Recent Legislative Action Affects IES

In April, the House Committee on Education and the Workforce reported on the Strengthening Education through Research Act (H.R. 4366). The bill, passed by the House of Representatives in May, amends several provisions related to the Institute of Education Sciences (IES) including independence, research standards, technical assistance, evaluation, privacy protection, oversight of student assessment, and IES accountability.

Below are some highlights of the changes:

  • H.R. 4366 amends the definition of “scientifically based research standards,” renaming it to “principles of scientific research.” IES-supported research should adhere to the new definition of these principles allowing for “strong claims of causal relationships” only with research designs that eliminate plausible competing explanations for results, although the definition explicitly does not limit such claims to research employing random-assignment experiments.
  • H.R. 4366 adjusts the specified topical research priorities for IES, preserving language authorizing research on educational problems and issues relevant to the goals and requirements of major federal educational laws such as the Elementary and Secondary Education Act (ESEA), Individuals with Disabilities Education Act (IDEA), and Higher Education Act (HEA). In addition, H.R. 4366 authorizes research focused on improving the quality of early childhood and elementary and secondary education, as well as research focused on access to opportunities for and completion of postsecondary education. Some more narrowly targeted priorities that are specified under current law would no longer be specified.
  • H.R. 4366 eliminates the requirement that there be “not less than 8” national research and development centers supported by the National Center for Education Research (NCER) as well as language naming specific topics of research to be supported by these centers.
  • H.R. 4366 explicitly identifies the mission of the regional educational laboratories (RELs) as conducting applied research, development, evaluation, and dissemination activities, and developing the capacity of state educational agencies (SEAs) and local educational agencies (LEAs) to carry out such activities. It also specifies processes for ensuring that the work of such RELs is responsive to the needs of the region served and eliminates their role in providing other types of training and technical assistance.
  • H.R. 4366 designates IES as the primary entity responsible for conducting research on and evaluations of federal education programs and programs within the Department of Education, aiming to ensure rigor and independence of such research and evaluation.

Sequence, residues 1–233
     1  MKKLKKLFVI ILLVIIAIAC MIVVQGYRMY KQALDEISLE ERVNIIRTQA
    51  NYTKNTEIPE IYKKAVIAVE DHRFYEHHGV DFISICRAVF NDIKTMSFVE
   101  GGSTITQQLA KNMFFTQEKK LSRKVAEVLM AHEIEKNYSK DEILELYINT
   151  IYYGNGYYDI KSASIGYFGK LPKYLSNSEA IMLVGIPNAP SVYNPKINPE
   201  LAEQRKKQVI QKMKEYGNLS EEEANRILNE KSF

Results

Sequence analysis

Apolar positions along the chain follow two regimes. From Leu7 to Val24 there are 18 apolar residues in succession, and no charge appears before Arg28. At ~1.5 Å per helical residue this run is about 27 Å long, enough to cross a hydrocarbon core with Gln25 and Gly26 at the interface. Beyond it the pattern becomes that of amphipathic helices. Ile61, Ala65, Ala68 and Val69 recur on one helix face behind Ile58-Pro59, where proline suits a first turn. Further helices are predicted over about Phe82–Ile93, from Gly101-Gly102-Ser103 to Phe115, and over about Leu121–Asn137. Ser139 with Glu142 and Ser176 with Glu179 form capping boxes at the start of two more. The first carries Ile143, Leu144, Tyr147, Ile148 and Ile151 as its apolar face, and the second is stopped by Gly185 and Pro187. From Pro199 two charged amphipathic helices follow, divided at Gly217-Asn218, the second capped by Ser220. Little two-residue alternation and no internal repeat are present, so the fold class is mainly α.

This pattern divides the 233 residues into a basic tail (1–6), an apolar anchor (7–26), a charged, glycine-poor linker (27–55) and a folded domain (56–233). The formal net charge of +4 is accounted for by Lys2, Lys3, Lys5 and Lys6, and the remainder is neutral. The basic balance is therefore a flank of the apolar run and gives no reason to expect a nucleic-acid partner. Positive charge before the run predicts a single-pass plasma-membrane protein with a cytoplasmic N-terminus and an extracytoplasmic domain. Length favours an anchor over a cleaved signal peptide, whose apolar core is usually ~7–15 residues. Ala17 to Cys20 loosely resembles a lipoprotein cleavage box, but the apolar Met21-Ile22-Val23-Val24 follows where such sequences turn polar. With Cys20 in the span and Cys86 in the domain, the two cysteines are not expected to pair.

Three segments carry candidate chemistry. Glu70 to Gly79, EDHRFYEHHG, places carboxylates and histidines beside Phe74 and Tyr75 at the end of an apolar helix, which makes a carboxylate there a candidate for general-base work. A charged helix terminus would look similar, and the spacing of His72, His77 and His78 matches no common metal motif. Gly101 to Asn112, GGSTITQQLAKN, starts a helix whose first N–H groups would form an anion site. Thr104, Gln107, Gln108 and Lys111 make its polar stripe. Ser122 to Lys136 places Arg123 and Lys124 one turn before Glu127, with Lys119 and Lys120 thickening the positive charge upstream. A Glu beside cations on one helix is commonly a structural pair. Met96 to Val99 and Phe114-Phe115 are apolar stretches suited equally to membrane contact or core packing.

• H.R. 4366 authorizes a new performance management system that aims to promote continuous improvement of activities and effective use of funds through the required development and use of measurable performance indicators that would be designed to gauge the effectiveness of IES activities and their utility in terms of meeting stakeholders’ needs.
  • H.R. 4366 requires that renewal of all IES-supported grants be contingent on the results of evaluations tied to the performance management system.
  • H.R. 4366 authorizes appropriations for the Education Sciences Reform Act (ESRA), Educational Technical Assistance Act (ETAA), and National Assessment of Educational Progress Authorization Act (NAEPAA) at specific levels for each of FY2015 through FY2020, rather than for the first fiscal year and such sums as necessary for subsequent fiscal years as under current law. The bill sets all authorized amounts for FY2015 at the same level as amounts appropriated for FY2014, with increases in subsequent years as follows: 0.2% for FY2016, 2.2% for FY2017, 2.4% for FY2018, 2.7% for FY2019, and 2.5% for FY2020.
  • H.R. 4366 authorizes appropriations for the RELs at 16.13% of funds appropriated for ESRA, rather than at $100,000 and such sums as necessary for the five succeeding years as under current law. In FY2014, the RELs received $54,423,000, or 16.13% of the amount authorized under H.R. 4366 for FY2015.

Excerpted from the Congressional Research Service report The Education Sciences Reform Act.